Sunday, July 5, 2020

Review: Redemption of the Maverick Millionaire


She was such an idiot. He saw her as an obligation, nothing more - a problem he'd needed to fix. While she was as big a fool as ever where he was concerned. He hadn't shunned other women because nobody else could live up to her memory. He'd been punishing himself.
 I love reunion stories. Especially reunion stories where the hero has done the heroine dirty and has to crawl over broken glass to win her back. If your tastes run towards the blood-thirsty as mine do, then Redemption of the Maverick Millionaire by Michelle Douglas has you covered. Whoa doggie, did this hero have his work cut out for him!

Four years ago Damon Macy betrayed Eve Clark and she walked out of his life leaving scorched Earth behind.  Damon was in love with her, even though he firmly believed she was way too good for him. Now he's gotten wind that a developer has his claws in Mirror Glass Bay, the small Australian coastal village where Eve has built a new life revitalizing the local motel.  The developer plans to build a big splashy resort, one Damon fears will drive Eve's motel into the ground, so he pulls some strings and buys the developer out.  It's the least he could do for her after his betrayal.

There's a small fly in the ointment however - Eve wanted the development project to happen!  The truth is that Mirror Glass Bay's economy needs a shot in the arm, young people are leaving the town, and if something doesn't happen soon the school will close, the medical clinic - and then where will that leave Mirror Glass Bay?  As a ghost town.  Now here comes Damon, swooping back into her life like a bull in a china shop ruining any hope for the town's future.  Or has he?  Suitably humbled by his grandstanding, Damon vows to her that he'll make it right and now he's staying in her motel for at least a fortnight and dammit all the hell, she's still painfully attracted to him even as she fights the urge to throat punch him.

This is a reunion story where the heroine has every right to want to throat punch the hero and he's racked with guilt from the first chapter.  His guilt, knowing full well what he threw away, this is a Harlequin hero who has been celibate for the four years since the heroine walked out of his life.  A rarity to be sure, and it gives reader an imperfect hero in pursuit.  I questioned for a good chunk of this story if he truly still loved her or if he was just assuaging his guilt - and while that sounds dreadful, it actually makes for a tension-filled read.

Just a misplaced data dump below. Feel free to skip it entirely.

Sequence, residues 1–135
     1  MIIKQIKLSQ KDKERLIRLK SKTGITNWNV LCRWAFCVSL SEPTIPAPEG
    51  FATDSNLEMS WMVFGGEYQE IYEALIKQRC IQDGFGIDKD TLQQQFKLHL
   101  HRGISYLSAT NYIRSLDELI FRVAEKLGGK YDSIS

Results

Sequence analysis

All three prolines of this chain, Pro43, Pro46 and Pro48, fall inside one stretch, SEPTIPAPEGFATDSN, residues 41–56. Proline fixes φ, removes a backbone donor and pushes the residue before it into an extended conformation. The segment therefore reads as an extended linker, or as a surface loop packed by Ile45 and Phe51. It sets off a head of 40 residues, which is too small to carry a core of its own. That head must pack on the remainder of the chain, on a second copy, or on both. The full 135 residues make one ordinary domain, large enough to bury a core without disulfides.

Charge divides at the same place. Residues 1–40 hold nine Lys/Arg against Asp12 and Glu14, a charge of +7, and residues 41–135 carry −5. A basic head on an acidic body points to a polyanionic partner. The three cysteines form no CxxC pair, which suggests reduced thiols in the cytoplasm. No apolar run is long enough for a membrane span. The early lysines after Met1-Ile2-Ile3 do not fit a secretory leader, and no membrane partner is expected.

Eve was devastated by Damon's betrayal and sure, she ran away from Sydney - but she ran to what turned out to be a better life for her.  Fixing up the motel, making a new home for her and her grandmother, being a successful local businesswoman with the pulse on her community.  She didn't fail in Sydney - she got the rug pulled out from under her.

A couple of things I really liked about this story was that it's a small town romance with some realism.  Oh sure, there's still a healthy polish on the veneer, but the lack of economic opportunity in such towns is rarely (hell, if ever!) addressed in small town romances - so polish or not it was nice to see a little realism for a change.  The fear of the residents is that if "something" doesn't happen soon, the closure of the public school and small medical clinic won't be far behind.  Also, consent is actually discussed - although not in so many words. Damon wants to win back Eve but there's more than one instance here were boundaries are discussed.  She tells him to back-off on more than one occasion, and he does. So much of the push-pull in the romance tango here comes into play because Eve, against her more rational instincts, makes the first move and gets spooked.

What didn't work so well?  Some pacing issues. It's a little slow to start and sags in a couple of places.  Also, Eve's grandmother is made out to be kind of a Big Deal (Eve moved to Mirror Glass Bay so her grandmother could still live an independent life) but there's only two really small scenes in the book where she makes an appearance and it's not until halfway through the book when she shows up. She's only one of 2 people outside of Eve who knows what he did to break her heart, you'd think A Spry Romancelandia Granny would have made her presence felt a heck of a lot more given the circumstances.

Pacing issues aside, it's still an engaging small town romance featuring a hero who has to spend a good chunk of the story groveling.  And I'm just blood-thirsty enough that I'm always going to want more of that.  Yeah, he did her wrong, but I finished the last page fully believing that he'd spend the rest of his life making it up to her.

Final Grade = B

4 comments:

Jen Twimom said...

Love this review - You got me all wrapped up in finding out what happened/happens between these two. Sounds like a good story. Thanks!

Wendy said...

Jen: OMG - that was half the reason I got so sucked into the story. The author teases the reader for about half the book on what the hero did to screw up his relationship with the heroine so badly. And it's a doozy. No wonder he spends the entire book basically in pursuit and practically begging for forgiveness.

azteclady said...

I absolutely love the idea of a hero who spends the entire novel making up for being a shithead to the heroine.

Wendy said...

AL: Someone asked me on Twitter yesterday and I really should have been more clear in my review - so I'll say it in the comments. The hero did NOT cheat on the heroine. Oh, he did her dirty - but not like that.